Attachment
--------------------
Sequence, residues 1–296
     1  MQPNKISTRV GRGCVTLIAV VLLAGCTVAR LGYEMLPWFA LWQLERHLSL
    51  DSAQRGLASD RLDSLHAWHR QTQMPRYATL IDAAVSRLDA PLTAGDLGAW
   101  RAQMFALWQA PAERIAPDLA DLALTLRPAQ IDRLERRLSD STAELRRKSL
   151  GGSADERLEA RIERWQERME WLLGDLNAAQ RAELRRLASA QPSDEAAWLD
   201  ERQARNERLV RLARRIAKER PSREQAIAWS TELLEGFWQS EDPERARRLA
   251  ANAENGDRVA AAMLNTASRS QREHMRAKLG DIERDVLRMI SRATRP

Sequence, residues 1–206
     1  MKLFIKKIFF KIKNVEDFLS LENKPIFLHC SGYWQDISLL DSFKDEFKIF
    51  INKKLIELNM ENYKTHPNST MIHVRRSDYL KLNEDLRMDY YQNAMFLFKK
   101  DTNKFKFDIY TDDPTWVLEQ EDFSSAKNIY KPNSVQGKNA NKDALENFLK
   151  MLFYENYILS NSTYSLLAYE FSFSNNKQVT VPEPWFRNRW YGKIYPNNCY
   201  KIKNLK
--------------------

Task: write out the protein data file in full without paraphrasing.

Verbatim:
Sequence, residues 1–296
     1  MQPNKISTRV GRGCVTLIAV VLLAGCTVAR LGYEMLPWFA LWQLERHLSL
    51  DSAQRGLASD RLDSLHAWHR QTQMPRYATL IDAAVSRLDA PLTAGDLGAW
   101  RAQMFALWQA PAERIAPDLA DLALTLRPAQ IDRLERRLSD STAELRRKSL
   151  GGSADERLEA RIERWQERME WLLGDLNAAQ RAELRRLASA QPSDEAAWLD
   201  ERQARNERLV RLARRIAKER PSREQAIAWS TELLEGFWQS EDPERARRLA
   251  ANAENGDRVA AAMLNTASRS QREHMRAKLG DIERDVLRMI SRATRP

Sequence, residues 1–206
     1  MKLFIKKIFF KIKNVEDFLS LENKPIFLHC SGYWQDISLL DSFKDEFKIF
    51  INKKLIELNM ENYKTHPNST MIHVRRSDYL KLNEDLRMDY YQNAMFLFKK
   101  DTNKFKFDIY TDDPTWVLEQ EDFSSAKNIY KPNSVQGKNA NKDALENFLK
   151  MLFYENYILS NSTYSLLAYE FSFSNNKQVT VPEPWFRNRW YGKIYPNNCY
   201  KIKNLK